In this blog, we are going to discuss how opioids interact with the brain, and how Naloxone can help reverse these effects to counter opioid overdose. First, let’s discuss how opioids enter our body and interact with our brains.
All opioids interact with opioid receptors in the brain. The strength of your body's response to these drugs is correlated with the number of receptors that are connected to and activated by the opioid substrate. More simply stated, when you take more drugs, more receptors will be activated, and you will have an increased response to the medication. When we use prescription medications for long periods of time, our body becomes “desensitized” to the medication, requiring us to take larger doses to experience the same effect. This topic is covered in more detail in our Tolerance blog post. After taking your prescription opioids, the medication must enter the bloodstream before reaching the brain. At the point where "medicated blood" passes the brain, it must cross the blood-brain barrier (BBB). Different opioids cross the BBB with different degrees of freedom. The ability to cross the BBB quickly is why some prescription opioids, such as fentanyl, are so potent.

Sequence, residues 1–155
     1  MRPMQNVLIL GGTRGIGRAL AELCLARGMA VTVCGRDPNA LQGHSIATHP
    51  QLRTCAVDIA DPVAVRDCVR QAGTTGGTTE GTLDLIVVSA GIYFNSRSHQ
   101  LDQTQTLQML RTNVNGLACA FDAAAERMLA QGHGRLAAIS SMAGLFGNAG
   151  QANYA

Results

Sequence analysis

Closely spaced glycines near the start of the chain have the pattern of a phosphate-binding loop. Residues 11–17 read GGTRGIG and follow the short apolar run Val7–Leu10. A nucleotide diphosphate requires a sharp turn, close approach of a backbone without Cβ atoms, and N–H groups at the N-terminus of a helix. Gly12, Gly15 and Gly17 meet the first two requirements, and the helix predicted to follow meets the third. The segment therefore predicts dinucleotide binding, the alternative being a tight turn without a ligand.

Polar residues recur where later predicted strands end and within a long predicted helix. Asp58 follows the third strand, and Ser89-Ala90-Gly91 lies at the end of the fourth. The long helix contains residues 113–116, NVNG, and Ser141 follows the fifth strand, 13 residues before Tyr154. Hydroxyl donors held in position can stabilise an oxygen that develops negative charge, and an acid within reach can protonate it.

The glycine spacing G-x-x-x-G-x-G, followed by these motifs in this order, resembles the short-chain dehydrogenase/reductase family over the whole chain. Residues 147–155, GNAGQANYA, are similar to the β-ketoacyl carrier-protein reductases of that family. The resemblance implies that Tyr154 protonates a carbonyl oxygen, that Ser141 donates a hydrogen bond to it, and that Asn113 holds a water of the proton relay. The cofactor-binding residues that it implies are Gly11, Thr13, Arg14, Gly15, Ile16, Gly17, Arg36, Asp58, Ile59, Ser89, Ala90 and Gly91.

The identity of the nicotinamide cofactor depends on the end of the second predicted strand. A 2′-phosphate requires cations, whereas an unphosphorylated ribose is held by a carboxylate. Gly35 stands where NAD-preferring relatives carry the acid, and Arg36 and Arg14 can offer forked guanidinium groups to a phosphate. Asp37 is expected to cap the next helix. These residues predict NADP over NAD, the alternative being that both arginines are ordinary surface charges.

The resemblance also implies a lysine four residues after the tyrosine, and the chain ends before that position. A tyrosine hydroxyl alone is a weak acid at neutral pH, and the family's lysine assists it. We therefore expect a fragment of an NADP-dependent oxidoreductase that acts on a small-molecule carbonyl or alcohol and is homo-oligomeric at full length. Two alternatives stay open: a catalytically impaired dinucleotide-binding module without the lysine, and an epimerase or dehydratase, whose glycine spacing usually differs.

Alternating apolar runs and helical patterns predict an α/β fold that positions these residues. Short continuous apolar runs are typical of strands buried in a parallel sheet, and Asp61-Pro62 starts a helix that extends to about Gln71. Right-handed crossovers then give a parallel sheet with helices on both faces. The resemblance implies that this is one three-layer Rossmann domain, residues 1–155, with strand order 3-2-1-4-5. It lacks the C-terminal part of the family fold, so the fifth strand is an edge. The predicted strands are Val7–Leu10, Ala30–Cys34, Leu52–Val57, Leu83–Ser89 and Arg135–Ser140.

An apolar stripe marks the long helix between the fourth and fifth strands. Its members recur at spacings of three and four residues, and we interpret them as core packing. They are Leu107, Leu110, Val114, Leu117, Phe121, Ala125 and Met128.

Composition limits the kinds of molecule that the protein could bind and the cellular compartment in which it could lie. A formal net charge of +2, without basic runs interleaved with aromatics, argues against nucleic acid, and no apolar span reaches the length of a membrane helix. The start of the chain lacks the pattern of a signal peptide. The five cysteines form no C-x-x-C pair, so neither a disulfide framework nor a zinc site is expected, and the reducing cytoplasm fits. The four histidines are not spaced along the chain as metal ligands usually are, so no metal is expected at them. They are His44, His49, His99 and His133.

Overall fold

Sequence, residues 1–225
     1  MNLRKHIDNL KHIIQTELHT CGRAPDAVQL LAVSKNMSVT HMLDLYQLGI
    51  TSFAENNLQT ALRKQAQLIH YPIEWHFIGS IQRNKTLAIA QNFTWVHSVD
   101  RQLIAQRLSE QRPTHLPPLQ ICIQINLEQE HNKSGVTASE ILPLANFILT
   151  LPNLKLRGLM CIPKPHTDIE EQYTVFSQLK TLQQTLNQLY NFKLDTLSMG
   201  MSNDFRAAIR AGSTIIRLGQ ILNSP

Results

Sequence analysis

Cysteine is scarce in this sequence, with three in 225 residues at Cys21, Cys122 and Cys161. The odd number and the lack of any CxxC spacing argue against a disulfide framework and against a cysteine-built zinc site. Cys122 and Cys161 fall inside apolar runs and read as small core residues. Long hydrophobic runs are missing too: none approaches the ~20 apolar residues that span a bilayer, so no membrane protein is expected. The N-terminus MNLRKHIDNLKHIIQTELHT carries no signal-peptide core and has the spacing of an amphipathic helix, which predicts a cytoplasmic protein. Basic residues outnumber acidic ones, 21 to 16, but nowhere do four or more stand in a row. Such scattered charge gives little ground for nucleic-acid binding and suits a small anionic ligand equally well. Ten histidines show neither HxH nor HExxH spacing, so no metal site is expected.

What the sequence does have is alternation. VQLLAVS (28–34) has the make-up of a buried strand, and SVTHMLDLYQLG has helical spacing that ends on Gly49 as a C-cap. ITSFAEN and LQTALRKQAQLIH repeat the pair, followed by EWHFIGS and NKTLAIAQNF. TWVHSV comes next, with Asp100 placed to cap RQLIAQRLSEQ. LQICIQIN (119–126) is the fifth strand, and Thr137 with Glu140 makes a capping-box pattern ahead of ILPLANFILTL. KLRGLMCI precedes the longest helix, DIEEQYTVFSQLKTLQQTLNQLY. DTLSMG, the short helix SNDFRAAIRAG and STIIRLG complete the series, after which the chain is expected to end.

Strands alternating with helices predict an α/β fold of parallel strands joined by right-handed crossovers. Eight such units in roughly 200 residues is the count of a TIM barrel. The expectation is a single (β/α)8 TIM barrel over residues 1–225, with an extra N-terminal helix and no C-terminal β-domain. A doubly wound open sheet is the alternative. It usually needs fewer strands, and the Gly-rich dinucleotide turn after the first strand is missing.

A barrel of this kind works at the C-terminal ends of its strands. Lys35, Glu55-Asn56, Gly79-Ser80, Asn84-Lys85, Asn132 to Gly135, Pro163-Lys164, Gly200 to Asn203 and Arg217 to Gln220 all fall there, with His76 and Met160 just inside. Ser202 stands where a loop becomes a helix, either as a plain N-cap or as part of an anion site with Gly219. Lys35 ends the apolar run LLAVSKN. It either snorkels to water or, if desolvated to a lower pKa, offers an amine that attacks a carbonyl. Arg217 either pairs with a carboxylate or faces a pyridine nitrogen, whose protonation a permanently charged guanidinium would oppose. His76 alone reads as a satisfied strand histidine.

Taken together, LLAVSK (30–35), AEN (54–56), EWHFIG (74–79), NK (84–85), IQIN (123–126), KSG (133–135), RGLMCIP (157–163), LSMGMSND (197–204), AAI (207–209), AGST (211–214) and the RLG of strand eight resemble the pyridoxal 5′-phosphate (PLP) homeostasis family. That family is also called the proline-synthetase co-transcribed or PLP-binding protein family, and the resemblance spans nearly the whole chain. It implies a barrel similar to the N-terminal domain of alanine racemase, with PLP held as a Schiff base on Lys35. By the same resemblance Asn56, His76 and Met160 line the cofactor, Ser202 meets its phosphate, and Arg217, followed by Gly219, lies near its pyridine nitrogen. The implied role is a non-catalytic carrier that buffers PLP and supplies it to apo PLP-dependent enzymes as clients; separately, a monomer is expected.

Naloxone, also known as Narcan®, is a drug that can help reverse the effects of opioids by removing the opioid substrate from the receptors in the brain. Naloxone can be administered via injection by a healthcare provider or EMT and via a nasal spray that is available over the counter (OTC) and can be used by anyone. The Surgeon General issued a historic health advisory in April urging more people to carry Naloxone.
This drug is truly lifesaving. If you are unfamiliar with how to use Naloxone, please take some time to watch the video link below. If you feel that you or anyone you know may be at risk for overdose, it may be a good idea to have Naloxone available in case of emergencies. After using Naloxone, you should call 911 or seek immediate medical care.
Check out the Video: How to Administer Naloxone Nasally